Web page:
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Voices from the Past

July 7, 2011

I have been very lucky to spend the first half of my summer living blissfully in the past.  Yes, this is how I spend most of my time, but this time there is an end product!  As it turns out, a digital cataloging internship for a historical center was a far better use of my time and interests than hours of watching YouTube clips of people dancing the Charleston on a taxi (trust me, I’ve done both).  So, I have felt like a spy in the walls of the Roosevelt White House, reading important government documents that have taught me far more than I ever expected (or wanted) to know about the 1905 Chinese boycotts and Russo-Japanese peace talks.  Also, though, I’ve established a far more rounded view of Theodore Roosevelt and the firm beliefs that made him tick.  The man loved his family and his country, and never failed to speak his mind.

Over the course of my work, I had gotten used to Roosevelt’s endless insults of Woodrow Wilson’s cowardice, and even smiled as he called Thomas Jefferson a “shifty phrasemaker who was ‘too proud to fight’… dragged our honor in the dust…pandered to the worst side of the people, and they supported him with enthusiasm.”  This man took crap from nobody.  One day, as I was reviewing documents as usual, getting into the metadata-creation rhythm, I came across a sentence that took me by surprise and almost felt like a personal insult (perhaps I got a little too close to the materials during my endless hours with them – it happens).  Here is what gets me: in a letter to a business friend, Theodore Roosevelt was lamenting the lack of respect Abraham Lincoln received for his words when compared to the ancient writers, citing Demosthenes and Cicero as examples of overglorified figureheads. Roosevelt thought Lincoln far superior in every way, and criticized “the fetishism of the irrational adoration of things merely because they are old.”  As a former history student and current archivist, that smarted.  After getting over that initial shock, I began to ponder his words.  Was he right?  Do we, as a society, latch onto the past simply because it is the past?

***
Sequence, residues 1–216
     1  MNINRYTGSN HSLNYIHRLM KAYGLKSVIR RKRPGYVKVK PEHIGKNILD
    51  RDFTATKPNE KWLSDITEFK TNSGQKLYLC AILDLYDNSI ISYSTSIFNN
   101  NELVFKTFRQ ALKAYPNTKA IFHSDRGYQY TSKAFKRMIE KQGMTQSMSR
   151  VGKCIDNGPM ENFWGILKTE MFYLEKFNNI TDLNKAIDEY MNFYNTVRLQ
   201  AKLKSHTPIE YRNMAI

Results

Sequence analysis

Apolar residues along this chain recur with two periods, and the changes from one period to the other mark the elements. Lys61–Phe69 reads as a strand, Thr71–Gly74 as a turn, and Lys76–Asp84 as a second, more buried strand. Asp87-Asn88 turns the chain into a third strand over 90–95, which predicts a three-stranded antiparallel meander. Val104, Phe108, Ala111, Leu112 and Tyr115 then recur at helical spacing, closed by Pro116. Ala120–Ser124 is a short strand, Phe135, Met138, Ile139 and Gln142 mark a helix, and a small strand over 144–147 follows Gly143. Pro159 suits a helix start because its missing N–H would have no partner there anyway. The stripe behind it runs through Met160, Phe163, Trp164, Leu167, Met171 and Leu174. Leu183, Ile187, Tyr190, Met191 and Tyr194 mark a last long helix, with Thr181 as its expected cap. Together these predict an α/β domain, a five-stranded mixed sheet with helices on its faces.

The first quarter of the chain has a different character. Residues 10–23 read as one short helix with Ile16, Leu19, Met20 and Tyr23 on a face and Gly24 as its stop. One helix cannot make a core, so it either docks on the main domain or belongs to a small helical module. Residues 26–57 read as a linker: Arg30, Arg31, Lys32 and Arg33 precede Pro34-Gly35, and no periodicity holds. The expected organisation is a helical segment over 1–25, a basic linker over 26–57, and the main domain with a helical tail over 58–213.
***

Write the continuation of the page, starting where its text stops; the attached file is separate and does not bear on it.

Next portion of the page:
I think Roosevelt did have a point.  I know I unabashedly romanticize the past, but I hope I can see things with a less biased eye when it comes to matters more serious than my own personal amusement.  I hope I can see the merit in arguments and art regardless of their age.  Ultimately, we must hope that those things worthy of being remembered will be remembered.  Theodore Roosevelt is now further removed from us than Lincoln was from him, so Roosevelt is now himself a person we may adore “merely because [he is] old.”  I like to think it’s because he was a good leader, a good writer, and an excellent mooseback rider more than the age he lived in, but we can never know our own motives with certainty.  As archivists (and librarians!), we must be careful not to let historical “fetishism” taint our choices, but that doesn’t have to stop us from appreciating the people who have truly shaped the course of world events.  Worthy people will often be remembered.  It just takes time.

What do you think?

On an only tangentially related note, I’ll close with my favorite quote, from a 7 year old Quentin Roosevelt while his father was president.  Upon being questioned by a reporter about his father, Quentin retorted: “Yes, I see him sometimes, but I know nothing of his family life!”

(This is a modified version of a blog post originally created for the Theodore Roosevelt Center)

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2 Comments leave one →
  1. Graham Hukill permalink
    July 18, 2011 1:19 pm

    Disclaimer: I’ve had some strong coffee this morning and am procrastinating from actual work right now.

    Woah – awesome post. It’s a consideration I grapple with from time to time. I find myself drooling over photographs if they have a faded sepia hue, but wondering moments later, why? I don’t know any of these people, or often even the places, but I’m intrigued simple because it’s a time passed.

    I don’t think there’s anything inherently wrong with this, but as you point out, it might just be wise to be aware of it. Though olde English had such a lovely ring, and undoubtedly people were a bit more distinguished back in the day, there is no reason to assume they were any less deluded, short-sighted, or biased than we are today.

    But yeah, a super interesting aside for us folks who deal with, and even ascribe value to, the old.

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